Choose where you'd like to hang the plant. If the spot is in a rafter or stud, you can skip the drywall anchors and drill right into the wood. If not, make sure you use the anchors. You can tell where the stud is by using a stud finder. Use the pencil to mark where you want the plant. It's always a good idea to double check your placement by holding the plant up.
5. Drill a Hole for the Plant Hanger
Use the drill to make a hole where you marked. If you're using an anchor, follow the instructions for the hole size and the installation of the anchor. If you're putting the hook into wood, drill a hole just a little smaller in diameter than the screw for the hook.
6. Install the Hook
When you have the hole (and anchor, if you're using one), it's time to install the hook. Most plant hooks simply screw into the hole when you rotate them. If the hook is hard to turn in your ceiling material, cover it with a piece of fabric to protect it and use pliers to turn it. If you have a different design, follow the instructions for that model.
7. Hang the Plant and Enjoy
Now all you have to do is hang up your plant. If your hook has a clasp or keeper feature, close that to secure your plant. Step back and enjoy the way hanging a plant has made your home more beautiful.
Creative Variations to Try
While the standard hook and hanging basket are proven winners, there are a few super creative and fun ways to hang plants from the ceiling:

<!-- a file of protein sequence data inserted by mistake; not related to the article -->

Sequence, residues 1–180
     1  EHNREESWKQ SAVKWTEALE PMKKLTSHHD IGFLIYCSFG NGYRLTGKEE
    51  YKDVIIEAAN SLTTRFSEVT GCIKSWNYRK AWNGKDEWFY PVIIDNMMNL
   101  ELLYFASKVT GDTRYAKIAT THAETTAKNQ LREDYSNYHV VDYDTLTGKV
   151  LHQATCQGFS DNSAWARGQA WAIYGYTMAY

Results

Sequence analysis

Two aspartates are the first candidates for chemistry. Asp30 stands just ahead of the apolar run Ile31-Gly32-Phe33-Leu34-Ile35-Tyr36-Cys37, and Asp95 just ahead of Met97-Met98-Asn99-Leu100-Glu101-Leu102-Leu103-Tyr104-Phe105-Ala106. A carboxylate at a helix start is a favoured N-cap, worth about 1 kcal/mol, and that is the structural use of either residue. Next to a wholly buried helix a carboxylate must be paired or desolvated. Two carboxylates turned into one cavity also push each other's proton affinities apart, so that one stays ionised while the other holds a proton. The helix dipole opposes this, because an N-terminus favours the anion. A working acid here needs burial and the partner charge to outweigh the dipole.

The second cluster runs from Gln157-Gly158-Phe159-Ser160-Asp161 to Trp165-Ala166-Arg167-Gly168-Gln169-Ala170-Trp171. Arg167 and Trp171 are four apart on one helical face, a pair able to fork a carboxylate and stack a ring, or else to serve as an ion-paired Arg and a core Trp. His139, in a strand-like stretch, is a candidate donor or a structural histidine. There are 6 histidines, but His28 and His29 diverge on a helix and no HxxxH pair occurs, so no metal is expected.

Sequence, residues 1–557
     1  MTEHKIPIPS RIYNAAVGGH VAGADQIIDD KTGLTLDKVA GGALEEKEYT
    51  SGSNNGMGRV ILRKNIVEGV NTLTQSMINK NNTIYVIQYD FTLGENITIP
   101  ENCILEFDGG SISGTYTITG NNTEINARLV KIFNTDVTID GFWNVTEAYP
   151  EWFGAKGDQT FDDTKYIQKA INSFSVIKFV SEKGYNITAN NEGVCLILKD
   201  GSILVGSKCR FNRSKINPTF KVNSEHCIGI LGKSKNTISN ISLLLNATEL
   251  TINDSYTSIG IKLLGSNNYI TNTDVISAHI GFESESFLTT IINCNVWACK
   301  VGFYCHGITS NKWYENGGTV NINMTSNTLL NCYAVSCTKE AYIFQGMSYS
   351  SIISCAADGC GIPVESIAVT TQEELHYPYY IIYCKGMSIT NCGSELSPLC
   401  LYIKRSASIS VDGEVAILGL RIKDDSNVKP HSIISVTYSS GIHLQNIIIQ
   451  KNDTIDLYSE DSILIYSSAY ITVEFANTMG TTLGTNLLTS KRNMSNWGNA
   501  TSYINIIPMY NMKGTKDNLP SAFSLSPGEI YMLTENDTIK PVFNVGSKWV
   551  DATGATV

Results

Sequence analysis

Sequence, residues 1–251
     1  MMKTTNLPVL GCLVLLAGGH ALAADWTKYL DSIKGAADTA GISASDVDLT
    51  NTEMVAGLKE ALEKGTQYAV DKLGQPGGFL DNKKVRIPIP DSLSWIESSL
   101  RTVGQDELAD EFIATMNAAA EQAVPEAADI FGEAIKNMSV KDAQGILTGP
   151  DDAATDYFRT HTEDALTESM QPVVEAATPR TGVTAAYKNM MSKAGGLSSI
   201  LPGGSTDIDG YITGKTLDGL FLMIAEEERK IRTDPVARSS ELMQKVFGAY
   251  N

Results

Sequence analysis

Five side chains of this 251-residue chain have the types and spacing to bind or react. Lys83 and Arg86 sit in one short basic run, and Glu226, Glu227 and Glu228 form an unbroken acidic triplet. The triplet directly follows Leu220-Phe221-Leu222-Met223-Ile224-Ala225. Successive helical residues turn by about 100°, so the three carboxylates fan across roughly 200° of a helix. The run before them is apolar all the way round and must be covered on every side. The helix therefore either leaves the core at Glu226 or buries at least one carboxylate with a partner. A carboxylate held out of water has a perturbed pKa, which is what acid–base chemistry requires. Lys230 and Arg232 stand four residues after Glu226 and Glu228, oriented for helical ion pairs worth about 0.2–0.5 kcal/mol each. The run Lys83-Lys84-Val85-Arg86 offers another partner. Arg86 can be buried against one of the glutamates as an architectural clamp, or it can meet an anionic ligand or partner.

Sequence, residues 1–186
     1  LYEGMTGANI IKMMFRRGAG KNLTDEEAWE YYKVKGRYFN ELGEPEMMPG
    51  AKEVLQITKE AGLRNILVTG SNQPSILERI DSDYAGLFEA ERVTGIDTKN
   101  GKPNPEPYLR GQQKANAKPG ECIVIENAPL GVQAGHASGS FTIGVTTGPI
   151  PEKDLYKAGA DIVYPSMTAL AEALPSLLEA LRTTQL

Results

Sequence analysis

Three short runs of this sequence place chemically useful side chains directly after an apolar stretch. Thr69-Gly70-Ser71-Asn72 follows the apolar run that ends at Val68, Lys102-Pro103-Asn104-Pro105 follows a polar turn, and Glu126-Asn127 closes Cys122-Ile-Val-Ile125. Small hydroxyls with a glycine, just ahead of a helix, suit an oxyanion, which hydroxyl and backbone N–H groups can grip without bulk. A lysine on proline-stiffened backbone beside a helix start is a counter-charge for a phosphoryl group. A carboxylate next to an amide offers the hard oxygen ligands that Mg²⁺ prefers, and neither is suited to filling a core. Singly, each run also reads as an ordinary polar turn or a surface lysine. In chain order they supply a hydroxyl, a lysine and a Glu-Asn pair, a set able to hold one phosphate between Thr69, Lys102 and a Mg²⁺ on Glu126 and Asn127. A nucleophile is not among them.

- Weathered wood - Use ropes to hang a piece of driftwood from your ceiling and then hang several plants from this. An added bonus is that you'll have fewer holes in your ceiling.
- Old chandelier - Upcycle an old chandelier into a hanger for multiple plants. You can suspend the plants from the arms of the chandelier.
- Ladder - Find a new use for an old ladder by hanging it horizontally from your ceiling near a window. Then hang lots of plants on the rungs.
- Shelf bracket - Attach a shelf bracket to the wall near your ceiling and use a hook to hang plants from it. Bonus points if it's a cool old one or a corbel from an architectural salvage place.
Tips for Hanging Plants From a Ceiling in an Apartment
If you're renting and can't use the standard plant-hanging method, there are actually a few ways to hang plants without drilling. Try one of these:
- Curtain rod - Plants like light, and most windows have curtain rods. If the plant isn't too heavy, you can hang it from the rod for a similar look to hanging it from the ceiling.
- Tension rod - Similar to a curtain rod, a tension rod works pretty much anywhere there are two flat vertical surfaces. You can put on in a hallway or alcove and position it very close to the ceiling for hanging plants.
- Freestanding rack - A coat rack, clothes hanger, or other freestanding rack can also work for this. Just position it near a window or anywhere you think your plant will be happy, and you're all set.
- Adhesive hooks - If your plant isn't too heavy, you can use an adhesive hook to hang a plant. Look for a design that has a weight rating that exceeds the weight of your plant.
So Many Ways to Hang Plants
There are all kinds of hanging plants to consider, and there are tons of great ways to hang them. Stick to the tried-and-true standard or try something a little different. There's no wrong way to hang a plant as long as it's secure.